• STATEMENT REGARDING FEDERALLY SPONSORED RESEARCH OR DEVELOPMENT
  • [0002]
    Not Applicable
  • DESCRIPTION
  • [0003]
    1. Field of Invention
  • [0004]
    This invention relates to an acceptable defect positioning and manufacturing method for large-scaled photomask blanks, particularly to one where the defective information of the entire large-scaled photomask blanks or etched and to-be-repaired photomask, upon being acquired by a photomask inspection apparatus, is categorized into a critical area a non-critical area. The so-called critical area is directed to areas where defects are unacceptable, while the non-critical area is directed to areas where defects are acceptable. For large-scaled photomask blanks, if all defects are within in the non-critical area, the photomask blanks are deemed acceptable. For large-scaled photomasks, photomask acceptance system only needs to reject those photomask blanks having defects within the critical area.
  • [0005]
    2. Background
  • [0006]
    LCD provides the advantages of compactness, lightweight, low driving voltage, low power consumption, portability and low space occupation. LCD products are widely implemented in a variety of applications, from articles for daily uses to high-level industrial uses, such as timepieces, calculators, TV, communications, medical equipment, transport aviation, industrial equipment, and military applications. At the present, high quality LCD has gradually replaced the conventional CRT.
  • [0007]
    The process for fabricating LCD is generally described as follows: cleaning a glass substrate (pre-cleaning); forming an indium tin oxide (ITO) conductive layer over the glass substrates (patterning); forming a polyemid layer over the ITO conductive layer (polyemid rubbing); distributing a spacer between two glass substrates and printing an insulated substance, such as epoxy resin, at peripheries of the two glass substrates (spacer and seal depositing); combining two glass substrates (cell assembling); cutting and trimming; Liquid crystal fluid filling, pressing and sealing; chamfering corners of glass substrates; inspecting LCD panels; attaching polarizer; and final inspection.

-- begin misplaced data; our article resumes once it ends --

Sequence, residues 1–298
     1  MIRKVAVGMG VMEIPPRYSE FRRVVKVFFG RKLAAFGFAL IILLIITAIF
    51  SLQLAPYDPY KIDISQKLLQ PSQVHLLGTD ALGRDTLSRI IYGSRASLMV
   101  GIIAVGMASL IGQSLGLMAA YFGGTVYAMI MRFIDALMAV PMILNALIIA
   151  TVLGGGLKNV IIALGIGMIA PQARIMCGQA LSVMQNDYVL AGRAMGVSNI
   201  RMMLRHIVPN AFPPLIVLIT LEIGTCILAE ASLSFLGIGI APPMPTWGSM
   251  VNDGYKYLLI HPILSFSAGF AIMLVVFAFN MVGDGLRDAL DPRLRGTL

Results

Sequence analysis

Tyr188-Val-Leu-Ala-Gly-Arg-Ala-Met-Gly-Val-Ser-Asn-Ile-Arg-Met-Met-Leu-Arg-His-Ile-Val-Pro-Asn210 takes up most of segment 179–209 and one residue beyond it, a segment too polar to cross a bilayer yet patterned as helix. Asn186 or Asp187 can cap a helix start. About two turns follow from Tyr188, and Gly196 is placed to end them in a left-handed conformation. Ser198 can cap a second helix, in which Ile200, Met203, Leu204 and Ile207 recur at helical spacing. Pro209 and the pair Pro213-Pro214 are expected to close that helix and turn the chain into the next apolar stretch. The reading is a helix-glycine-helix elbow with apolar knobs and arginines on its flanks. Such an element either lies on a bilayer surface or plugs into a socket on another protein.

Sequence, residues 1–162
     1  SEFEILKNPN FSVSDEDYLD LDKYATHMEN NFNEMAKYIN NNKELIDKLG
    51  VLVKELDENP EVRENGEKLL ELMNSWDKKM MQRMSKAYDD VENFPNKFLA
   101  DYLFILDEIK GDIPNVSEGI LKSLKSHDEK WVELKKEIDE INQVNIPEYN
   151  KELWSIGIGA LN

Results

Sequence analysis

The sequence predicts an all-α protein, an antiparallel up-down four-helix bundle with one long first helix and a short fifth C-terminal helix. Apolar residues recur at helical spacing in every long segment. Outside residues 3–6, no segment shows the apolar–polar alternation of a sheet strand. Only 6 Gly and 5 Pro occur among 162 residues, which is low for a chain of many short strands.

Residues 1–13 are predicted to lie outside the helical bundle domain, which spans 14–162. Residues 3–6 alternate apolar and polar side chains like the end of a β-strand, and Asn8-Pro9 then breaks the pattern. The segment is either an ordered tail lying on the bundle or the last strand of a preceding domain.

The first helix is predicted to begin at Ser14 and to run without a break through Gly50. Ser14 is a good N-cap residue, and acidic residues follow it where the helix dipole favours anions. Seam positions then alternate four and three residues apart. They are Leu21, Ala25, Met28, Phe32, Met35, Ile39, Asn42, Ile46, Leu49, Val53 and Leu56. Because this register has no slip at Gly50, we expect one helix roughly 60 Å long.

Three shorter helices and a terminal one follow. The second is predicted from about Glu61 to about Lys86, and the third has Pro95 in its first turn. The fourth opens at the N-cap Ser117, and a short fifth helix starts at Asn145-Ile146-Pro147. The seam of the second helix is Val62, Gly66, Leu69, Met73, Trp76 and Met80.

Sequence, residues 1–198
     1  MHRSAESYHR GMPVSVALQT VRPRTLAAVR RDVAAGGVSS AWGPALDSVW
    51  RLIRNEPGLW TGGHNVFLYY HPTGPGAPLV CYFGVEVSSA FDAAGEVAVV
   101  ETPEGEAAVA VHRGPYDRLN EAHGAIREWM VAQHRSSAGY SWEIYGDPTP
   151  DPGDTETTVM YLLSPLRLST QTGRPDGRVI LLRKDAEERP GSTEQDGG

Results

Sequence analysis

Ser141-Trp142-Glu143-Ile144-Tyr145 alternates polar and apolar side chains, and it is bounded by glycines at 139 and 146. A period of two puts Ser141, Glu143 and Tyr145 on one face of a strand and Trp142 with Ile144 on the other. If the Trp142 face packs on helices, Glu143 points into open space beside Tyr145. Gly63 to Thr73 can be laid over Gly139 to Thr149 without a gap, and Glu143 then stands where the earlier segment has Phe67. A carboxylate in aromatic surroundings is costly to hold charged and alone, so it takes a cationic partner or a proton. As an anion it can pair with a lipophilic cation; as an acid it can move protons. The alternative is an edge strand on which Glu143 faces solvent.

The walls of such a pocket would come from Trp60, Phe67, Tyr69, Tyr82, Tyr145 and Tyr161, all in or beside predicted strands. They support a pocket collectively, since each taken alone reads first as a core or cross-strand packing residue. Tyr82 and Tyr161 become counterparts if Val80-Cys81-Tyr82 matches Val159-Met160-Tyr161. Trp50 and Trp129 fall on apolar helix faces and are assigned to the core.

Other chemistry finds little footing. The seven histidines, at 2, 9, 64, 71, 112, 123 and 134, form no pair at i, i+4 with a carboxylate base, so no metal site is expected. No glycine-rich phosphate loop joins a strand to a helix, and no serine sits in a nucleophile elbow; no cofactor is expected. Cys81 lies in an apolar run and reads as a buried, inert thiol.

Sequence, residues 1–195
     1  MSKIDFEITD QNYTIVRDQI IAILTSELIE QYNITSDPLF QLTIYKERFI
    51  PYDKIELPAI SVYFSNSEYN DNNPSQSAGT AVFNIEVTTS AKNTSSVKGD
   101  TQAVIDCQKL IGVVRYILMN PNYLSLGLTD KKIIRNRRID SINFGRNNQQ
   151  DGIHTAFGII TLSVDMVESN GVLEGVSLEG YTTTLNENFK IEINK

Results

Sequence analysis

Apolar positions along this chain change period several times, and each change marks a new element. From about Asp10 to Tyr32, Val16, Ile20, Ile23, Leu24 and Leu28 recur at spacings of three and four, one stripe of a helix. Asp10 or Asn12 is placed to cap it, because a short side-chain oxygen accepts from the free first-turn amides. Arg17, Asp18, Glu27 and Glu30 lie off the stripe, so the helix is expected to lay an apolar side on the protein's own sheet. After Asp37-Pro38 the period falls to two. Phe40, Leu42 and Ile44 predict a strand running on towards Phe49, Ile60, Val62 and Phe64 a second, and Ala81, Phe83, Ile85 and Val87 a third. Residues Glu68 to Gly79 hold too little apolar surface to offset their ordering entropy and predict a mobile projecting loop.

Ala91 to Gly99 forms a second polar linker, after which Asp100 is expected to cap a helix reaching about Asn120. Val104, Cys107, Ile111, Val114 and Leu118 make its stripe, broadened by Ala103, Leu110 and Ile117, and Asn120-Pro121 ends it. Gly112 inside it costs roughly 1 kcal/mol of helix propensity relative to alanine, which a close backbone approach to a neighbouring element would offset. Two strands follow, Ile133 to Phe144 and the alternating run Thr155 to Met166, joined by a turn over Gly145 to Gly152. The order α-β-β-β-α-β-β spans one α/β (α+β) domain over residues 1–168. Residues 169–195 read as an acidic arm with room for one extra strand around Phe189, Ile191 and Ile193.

• [0008]
    The LCD color filters are applied to one of the glass substrates by adopting different process to coat a black matrix and an RGB color filter film. A patterned conductive layer, such as an ITO conductive layer, is then deposited thereover to serve as common electrode for driving the liquid crystal upon combining the glass substrate to the thin film transistor array (TFT array) coated over another glass substrate (the patterning step), so as to obtain a color LCD serving as a color filter required for displaying colors.